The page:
In a vacuum, these results don’t mean much.  However, Expert 1 valued JGJg, which had no operations and only the CA ADA (for which $180 thousand was paid, which came from JGJ), at $23.3 million.  As noted, the Court valued JGJg at zero.  We will have to wait for further perspective on the $167.9 market value of total capital conclusion of Expert 1, but the Court has already supplied some color.

The defentants (the Innocentis) retained the services of a nationally known business appraiser holding numerous professional credentials [Expert 2].  Although finding considerable fault with Expert 2, the Court was also complimentary:

Overall, the Court finds [Expert 2] to have a great deal more professional expertise and experience in valuation than [Expert 1].

We can compare the conclusions of Expert 2 and Expert 1 in the following table.

Verghetta 2

It is clear that there are substantial differences in the opinions provided to the Court by Expert 1 and Expert 2.  Expert 2 applied a 35% marketability discount to his initial conclusion and found the fair value of the interest to be $2.2 million.  Expert 1 applied no discounts and found the combined interests (JGJ and JGJg) to have a fair value of $54.1 million.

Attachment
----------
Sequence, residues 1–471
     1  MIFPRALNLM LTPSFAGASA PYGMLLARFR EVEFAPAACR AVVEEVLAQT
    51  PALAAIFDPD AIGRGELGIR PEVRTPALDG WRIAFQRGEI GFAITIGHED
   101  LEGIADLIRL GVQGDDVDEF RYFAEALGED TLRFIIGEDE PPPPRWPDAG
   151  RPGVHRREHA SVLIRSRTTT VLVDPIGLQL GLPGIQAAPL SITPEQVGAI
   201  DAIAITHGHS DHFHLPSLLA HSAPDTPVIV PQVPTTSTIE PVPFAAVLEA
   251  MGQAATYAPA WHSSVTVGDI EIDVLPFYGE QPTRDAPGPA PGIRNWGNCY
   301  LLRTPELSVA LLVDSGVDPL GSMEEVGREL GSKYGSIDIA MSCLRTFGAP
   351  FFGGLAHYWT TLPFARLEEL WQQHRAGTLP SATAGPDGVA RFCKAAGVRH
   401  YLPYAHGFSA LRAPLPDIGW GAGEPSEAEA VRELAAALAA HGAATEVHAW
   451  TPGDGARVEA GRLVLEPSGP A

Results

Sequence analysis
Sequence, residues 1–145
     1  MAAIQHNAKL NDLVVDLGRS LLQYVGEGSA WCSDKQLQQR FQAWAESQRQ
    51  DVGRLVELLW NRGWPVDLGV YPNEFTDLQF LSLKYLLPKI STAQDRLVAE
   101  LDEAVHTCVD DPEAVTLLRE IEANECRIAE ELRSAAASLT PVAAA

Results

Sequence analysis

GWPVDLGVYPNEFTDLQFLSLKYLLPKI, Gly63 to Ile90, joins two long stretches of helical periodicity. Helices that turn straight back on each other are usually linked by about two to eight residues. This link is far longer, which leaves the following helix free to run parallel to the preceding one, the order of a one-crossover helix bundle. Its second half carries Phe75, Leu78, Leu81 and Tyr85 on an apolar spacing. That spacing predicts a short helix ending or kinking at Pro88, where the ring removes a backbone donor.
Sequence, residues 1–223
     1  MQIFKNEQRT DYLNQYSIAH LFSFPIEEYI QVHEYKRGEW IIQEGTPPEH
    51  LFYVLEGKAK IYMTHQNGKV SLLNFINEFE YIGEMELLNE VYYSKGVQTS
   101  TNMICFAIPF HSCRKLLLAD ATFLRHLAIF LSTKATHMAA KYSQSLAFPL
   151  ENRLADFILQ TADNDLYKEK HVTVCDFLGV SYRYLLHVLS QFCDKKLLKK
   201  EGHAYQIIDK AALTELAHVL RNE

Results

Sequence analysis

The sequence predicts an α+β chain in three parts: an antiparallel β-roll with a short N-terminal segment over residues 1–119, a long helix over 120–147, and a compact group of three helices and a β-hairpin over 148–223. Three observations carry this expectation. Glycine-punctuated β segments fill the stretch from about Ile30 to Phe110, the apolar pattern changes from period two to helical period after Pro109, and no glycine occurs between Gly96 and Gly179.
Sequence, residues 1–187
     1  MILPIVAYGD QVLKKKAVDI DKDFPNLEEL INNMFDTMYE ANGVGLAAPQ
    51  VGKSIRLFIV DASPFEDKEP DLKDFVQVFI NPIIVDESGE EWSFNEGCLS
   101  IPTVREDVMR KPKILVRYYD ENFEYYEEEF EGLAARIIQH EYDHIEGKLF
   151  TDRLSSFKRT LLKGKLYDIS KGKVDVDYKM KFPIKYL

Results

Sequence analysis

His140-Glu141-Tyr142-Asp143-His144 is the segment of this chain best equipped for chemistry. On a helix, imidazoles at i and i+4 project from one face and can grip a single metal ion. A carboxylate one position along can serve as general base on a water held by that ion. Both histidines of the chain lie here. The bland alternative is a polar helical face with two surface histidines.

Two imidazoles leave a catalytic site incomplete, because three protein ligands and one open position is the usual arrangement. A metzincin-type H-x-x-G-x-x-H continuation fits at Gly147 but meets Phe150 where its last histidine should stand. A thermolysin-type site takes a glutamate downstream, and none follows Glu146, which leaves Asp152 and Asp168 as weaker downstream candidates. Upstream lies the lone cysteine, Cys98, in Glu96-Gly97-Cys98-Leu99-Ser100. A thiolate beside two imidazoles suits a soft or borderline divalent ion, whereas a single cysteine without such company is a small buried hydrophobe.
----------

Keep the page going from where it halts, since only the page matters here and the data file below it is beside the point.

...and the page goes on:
Recall that we know what GAAP EBITDA was for the last twelve months ending June 2012, so we can calculate the EBITDA multiples implied by the conclusions of the experts.  Expert 1’s conclusion implies an EBITDA multiple of 16.9x.  The Court found that conclusion to be unreasonably high and dismissed it.

Expert 2’s conclusion represents an EBITDA multiple, before DLOM, of 3.4x.  The Court found that conclusion to be unreasonably low.  The Court did not calculate EBITDA multiples, but I have placed them here for perspective.

So we have already dealt with the first valuation issue outlined above, that of reasonableness of conclusions.  The Court found one conclusion to be unreasonably low and the other to be unreasonably high.

Observation 1.  It is a good idea to provide a test of the reasonableness of valuation conclusions in expert reports.  

The Other Valuation Issues

The four remaining issues relate to normalizing adjustments, projections, tax-effecting and the marketability discount.  I should note that since the Court dismissed the conclusion of Expert 1 for the plaintiffs (the buyers), the focus on these issues pertained to the report and testimony of Expert 2.